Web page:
1. 2012 - Bring up the Bodies by Hilary MantelHilary Mantel is the first woman and the first Briton to win the Man Booker Prize twice, and she takes it this year with the sequel to Wolf Hall, her 2009 Booker Prize-winning novel about Henry VIII, Anne Boleyn, and Thomas Cromwell. Bring up the Bodies is actually part two of a trilogy about Thomas Cromwell, Henry VIII's chief minister, focusing on the time during which Anne Boleyn is arrested, tried for treason, and executed.
2. 2011 - A Sense of an Ending by Julian Barnes
3. 2010 - The Finkler Question by Harold Jacobson
In Howard Jacobson's darkly comic novel, a BBC radio producer and a Jewish philosopher, writer and TV personality reminisce and philosophize with a former teacher.
4. 2009 - Wolf Hall by Hilary Mantel
In Hilary Mantel's Wolf Hall, the politics and characters of 16th century Tudor England come alive in the stories of Henry VIII, Anne Boleyn, and Thomas Cromwell.
5. 2008 - The White Tiger by Aravind Adiga
The White Tiger approaches themes of class and race inequalities through the eyes and crudely cynical voice of Balram Halwai, a chauffer who recounts and accounts for the crimes of his past.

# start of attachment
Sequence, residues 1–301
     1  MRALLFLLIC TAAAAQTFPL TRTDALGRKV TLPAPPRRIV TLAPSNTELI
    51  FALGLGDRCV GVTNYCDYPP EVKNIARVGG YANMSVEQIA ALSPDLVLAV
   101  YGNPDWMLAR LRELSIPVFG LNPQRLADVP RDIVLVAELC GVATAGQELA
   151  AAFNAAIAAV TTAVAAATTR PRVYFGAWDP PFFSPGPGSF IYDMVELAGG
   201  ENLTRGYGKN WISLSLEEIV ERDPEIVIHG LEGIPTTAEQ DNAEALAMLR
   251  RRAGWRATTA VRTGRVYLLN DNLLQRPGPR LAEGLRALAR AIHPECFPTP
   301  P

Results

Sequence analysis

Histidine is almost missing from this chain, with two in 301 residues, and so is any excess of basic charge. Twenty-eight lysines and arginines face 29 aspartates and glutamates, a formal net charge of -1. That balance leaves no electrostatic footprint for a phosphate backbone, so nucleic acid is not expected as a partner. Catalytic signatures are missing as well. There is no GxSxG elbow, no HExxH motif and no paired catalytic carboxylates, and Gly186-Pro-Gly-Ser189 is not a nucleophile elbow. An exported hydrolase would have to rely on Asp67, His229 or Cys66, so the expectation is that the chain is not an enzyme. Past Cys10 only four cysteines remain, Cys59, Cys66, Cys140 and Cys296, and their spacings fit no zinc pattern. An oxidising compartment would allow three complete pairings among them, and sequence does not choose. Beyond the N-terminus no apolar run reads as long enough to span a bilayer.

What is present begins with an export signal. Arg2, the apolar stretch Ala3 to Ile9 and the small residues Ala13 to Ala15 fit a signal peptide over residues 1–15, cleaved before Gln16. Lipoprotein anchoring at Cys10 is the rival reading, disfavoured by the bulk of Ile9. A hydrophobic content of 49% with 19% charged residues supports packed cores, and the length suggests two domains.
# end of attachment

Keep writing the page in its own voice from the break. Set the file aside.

6. 2007 - The Gathering by Anne Enright
An epic portrait of a large Irish family grieving the loss of Liam, a brother drowned at sea.
7. 2006 - The Inheritance of Loss by Kiran Desai
An aging judge and his family make their lives in a village at the foot of the Himalayas amidst a Nepalese insurgency.
8. 2005 - The Sea by John Banville
The story of Max Morden, a middle-aged art historian, who attempts to face the trials of later life by flinging himself headlong towards the mysteries of his youth.
10. 2003 - Vernon God Little by DBC Pierre
Teenager, Vernon Little is pinned as an accomplice in a tragic high school shooting and splits for Mexico.